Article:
Head of the Presidential Secretariat, Dr. Roger Luncheon, has said that he has no doubt in his mind that the current problems being experienced at the new Skeldon factory will be resolved.
At his post-cabinet media briefing held on Thursday, Dr. Luncheon noted that Guyana is dealing with a very reputable firm, which is in charge of the construction of the factory.
“These are short-term unexpected consequences. We are dealing with a reputable firm. This is not a fly-by-night contractor. This is a highly reputable firm that has been involved in doing hundreds of millions and billions of dollars’ worth of business annually,” he said. He explained that there is nothing indicating that the administration is dealing with some sort of untoward consequence that is beyond correction.
While acknowledging that Guyana will suffer as a result of the delayed completion, Dr Luncheon noted that the country will not suffer alone, as the contractor will also have to face the consequences.
“Because the convention in contracts of this magnitude sees clauses, penalties being inserted just to keep your nose to the grind stone and your shoulders to the wheel, and so, yes, crops may very well not be reaped to the fullest extent as envisioned, and if crops are not going to be reaped then the production of sugar would also fall, and then our contractual obligation, both domestically and externally, may very well be affected,” Dr. Luncheon said.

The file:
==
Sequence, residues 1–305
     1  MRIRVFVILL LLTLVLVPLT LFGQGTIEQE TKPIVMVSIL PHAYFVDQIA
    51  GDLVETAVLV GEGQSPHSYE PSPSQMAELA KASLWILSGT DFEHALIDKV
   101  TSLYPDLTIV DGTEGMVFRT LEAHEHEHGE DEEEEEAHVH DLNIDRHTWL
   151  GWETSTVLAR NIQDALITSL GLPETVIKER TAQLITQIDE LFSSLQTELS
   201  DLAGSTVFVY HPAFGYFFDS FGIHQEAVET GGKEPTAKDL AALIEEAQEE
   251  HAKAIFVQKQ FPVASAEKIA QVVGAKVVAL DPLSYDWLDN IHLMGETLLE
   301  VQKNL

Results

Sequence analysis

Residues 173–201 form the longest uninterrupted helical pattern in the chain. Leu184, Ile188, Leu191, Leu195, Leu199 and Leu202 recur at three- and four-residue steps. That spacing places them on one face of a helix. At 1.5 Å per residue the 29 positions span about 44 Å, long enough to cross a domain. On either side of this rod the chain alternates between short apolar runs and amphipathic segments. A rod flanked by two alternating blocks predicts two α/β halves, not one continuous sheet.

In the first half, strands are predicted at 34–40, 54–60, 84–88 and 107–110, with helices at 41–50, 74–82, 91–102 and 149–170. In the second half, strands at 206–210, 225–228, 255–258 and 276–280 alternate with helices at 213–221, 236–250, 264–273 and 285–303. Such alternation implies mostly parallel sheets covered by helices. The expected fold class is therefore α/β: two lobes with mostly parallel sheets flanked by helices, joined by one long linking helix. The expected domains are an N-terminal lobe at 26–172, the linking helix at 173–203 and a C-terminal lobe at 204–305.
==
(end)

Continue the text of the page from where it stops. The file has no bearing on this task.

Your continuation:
He noted that he is not certain about the specific format of penalties that will be instituted, but he explained that it would not be unreasonable to put a penalty in one way or the other, which would match the enormity of the problem.
“So, if one were to reduce it to monetary terms, I want to believe that there is some relationship between ‘X’ dollars that we lose as a consequence of this shortfall being remedied by ‘X’ dollars being levied on the offending company.”
Earlier in the week, Chief Executive Officer of GuySuCo, Nick Jackson, had said that the new Skeldon Sugar Factory will be tested on Monday, and if those tests were to fail then it was very likely that the contractor, China National Technology Import and Export Corporation (CNTIC), will be penalised for not achieving its contractual obligations.
The damages that could be implemented are in the vicinity of US$5M.
Jackson said that if the penalty was to be instituted, it would only run for 36 days, and then there would be no other recourse were the contractor still to delay.
Agriculture Minister Robert Persaud had previously disclosed that Guyana was currently examining all legal options available, and had confirmed that fines can be imposed under the contract signed between Guyana and CNTIC. These, he said, can exceed US$5M. However, the matter is still under legal and other review.
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